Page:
At the beginning of each run, all ESD precautions were in effect including grounding the equipment, operator and all elements of the work chamber to a common ground. The point ionization device was used throughout the process except when purposely taking measurements without it. The microblaster reservoir was filled completely with the appropriate media. The blast media was predryed at 100°C for 24 hours before use. The microblaster parameters were set to the optimized values as described in Table 2.The EVM probe was mounted on a stationary fixture with a spacer assembly so that the PWA could be positioned in front of the probe without surface contact. This ensured that all measurements could be taken at 3mm from the blast site irrespective of the location. The media flow was activated by a foot switch. In order to achieve high cutting speed and uniform removal of the conformal coating, the tip of the nozzle had to be positioned approximately an inch from the blast site and at an angle between 45 and 90 degrees from the PWB surface.At each site a 20 – 50 square mm area (5-8 mm diameter) was blasted until the conformal coating was completely removed. The total removal time ranged from 10 – 30 seconds for the pad and trace areas and 30 – 60 seconds for the solder joint areas. At the completion of the conformal coating removal the surface voltage measurements were taken within a few seconds. This method allowed a quick and repeatable measurement of surface voltages before the electrostatic charge could dissipate. All PWAs were microscopically inspected (10-40X) for any surface damage.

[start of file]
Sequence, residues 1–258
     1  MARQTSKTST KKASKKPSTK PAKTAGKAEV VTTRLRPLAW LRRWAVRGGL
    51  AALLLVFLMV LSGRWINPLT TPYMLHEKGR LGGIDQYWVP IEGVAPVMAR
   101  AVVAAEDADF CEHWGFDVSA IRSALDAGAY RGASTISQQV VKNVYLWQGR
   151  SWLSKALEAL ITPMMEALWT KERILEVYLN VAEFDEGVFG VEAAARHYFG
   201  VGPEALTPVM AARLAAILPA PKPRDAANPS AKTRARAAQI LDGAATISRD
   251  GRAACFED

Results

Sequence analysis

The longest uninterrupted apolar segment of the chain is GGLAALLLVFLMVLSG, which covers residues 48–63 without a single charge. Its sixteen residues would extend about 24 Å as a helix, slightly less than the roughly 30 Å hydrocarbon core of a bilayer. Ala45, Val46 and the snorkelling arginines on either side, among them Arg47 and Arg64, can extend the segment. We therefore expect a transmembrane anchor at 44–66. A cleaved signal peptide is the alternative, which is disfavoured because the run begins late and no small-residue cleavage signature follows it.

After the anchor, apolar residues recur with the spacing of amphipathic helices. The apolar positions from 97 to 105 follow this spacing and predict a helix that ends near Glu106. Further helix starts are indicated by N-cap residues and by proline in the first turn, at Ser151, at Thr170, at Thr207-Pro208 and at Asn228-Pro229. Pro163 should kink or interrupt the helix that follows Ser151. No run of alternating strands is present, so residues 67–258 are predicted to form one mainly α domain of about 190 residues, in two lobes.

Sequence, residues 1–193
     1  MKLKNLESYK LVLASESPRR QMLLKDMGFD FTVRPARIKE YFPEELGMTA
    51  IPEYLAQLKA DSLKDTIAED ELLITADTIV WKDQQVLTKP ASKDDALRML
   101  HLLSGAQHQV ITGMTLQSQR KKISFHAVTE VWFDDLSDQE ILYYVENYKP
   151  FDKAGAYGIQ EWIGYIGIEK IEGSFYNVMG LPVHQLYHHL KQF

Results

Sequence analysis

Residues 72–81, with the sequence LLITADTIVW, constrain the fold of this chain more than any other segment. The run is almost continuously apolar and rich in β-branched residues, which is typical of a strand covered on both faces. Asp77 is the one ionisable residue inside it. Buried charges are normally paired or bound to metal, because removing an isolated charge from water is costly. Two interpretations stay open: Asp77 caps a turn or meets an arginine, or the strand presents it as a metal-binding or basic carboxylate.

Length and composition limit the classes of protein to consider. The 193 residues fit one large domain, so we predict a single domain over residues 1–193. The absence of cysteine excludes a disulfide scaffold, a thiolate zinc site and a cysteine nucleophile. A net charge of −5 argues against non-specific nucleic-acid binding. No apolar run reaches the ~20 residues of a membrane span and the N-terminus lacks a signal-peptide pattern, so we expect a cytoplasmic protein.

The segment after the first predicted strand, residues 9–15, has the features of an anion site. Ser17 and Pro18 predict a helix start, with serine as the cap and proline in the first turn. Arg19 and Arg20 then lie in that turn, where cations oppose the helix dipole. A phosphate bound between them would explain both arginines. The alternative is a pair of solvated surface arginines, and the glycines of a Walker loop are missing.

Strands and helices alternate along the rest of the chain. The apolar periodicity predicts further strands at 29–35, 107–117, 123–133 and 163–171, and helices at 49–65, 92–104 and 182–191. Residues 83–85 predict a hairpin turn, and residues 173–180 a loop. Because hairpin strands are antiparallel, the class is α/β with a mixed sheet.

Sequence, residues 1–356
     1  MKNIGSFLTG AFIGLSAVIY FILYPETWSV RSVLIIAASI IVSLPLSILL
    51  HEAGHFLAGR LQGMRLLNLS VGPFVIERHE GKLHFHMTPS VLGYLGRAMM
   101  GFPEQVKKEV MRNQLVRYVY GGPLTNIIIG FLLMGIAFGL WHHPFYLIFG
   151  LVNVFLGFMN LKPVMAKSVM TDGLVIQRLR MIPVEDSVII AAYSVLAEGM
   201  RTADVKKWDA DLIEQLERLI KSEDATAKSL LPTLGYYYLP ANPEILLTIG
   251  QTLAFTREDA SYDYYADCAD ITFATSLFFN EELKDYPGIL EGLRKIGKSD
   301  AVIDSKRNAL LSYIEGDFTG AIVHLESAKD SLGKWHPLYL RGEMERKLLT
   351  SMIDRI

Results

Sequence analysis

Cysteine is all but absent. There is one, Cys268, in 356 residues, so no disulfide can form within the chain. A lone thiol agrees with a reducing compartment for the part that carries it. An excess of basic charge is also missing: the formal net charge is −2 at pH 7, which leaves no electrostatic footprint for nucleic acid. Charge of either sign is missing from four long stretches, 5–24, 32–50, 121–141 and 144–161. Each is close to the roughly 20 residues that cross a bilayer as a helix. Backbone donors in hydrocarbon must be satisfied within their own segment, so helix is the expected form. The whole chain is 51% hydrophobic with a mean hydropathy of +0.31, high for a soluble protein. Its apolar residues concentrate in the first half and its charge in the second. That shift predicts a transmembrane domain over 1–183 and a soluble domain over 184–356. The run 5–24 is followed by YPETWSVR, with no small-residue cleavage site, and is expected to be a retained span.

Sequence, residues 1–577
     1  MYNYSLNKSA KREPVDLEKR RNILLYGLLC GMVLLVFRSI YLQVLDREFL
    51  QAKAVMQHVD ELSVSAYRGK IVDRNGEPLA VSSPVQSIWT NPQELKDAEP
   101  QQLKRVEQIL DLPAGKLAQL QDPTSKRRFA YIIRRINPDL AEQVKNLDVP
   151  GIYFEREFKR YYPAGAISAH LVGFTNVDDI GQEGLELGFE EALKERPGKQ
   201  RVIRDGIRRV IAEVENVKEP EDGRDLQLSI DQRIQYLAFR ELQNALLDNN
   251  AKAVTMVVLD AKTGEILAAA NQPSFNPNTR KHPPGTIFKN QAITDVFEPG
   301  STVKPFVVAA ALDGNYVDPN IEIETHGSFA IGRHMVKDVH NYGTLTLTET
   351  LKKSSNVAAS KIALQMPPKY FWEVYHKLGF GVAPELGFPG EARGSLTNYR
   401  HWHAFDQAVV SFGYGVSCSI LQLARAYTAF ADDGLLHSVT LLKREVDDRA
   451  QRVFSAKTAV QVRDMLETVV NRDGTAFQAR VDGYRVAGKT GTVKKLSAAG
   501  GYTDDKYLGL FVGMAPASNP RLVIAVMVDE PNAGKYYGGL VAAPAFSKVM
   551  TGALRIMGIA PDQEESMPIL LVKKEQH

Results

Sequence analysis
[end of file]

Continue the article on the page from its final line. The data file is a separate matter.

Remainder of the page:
Results and Discussion
The experimental results of the study are presented in Tables 3 through 8.Tables 3 and 4 present the ESD surface voltage measurement data for the removal of urethane and parylene conformal coatings respectively for wheat starch media. The ESD surface voltages are reported as minimum, maximum and average measurement values. The data for site 5 shows the surface voltages measured without the use of a point ionizer for ESD control.
The cutting performance of the various blast medias showed mixed results. The microblaster parameters were optimized for media flow rate and gas pressure, however the effect of other factors such as nozzle parameters (orifice size and shape) and particle size variation for each media were not considered in this study. The main area of focus of this experimental study was ESD voltage generation during microblasting. The following observations describe the characteristics of the various medias evaluated.
Crystal Mark’s wheat starch (carbo-blast) media is specially developed for conformal coating removal in ESD sensitive applications. This media is water soluble, biodegradable and considered environmentally friendly. It had an average particle size of 120 micron and showed good flow without any nozzle clogging problems.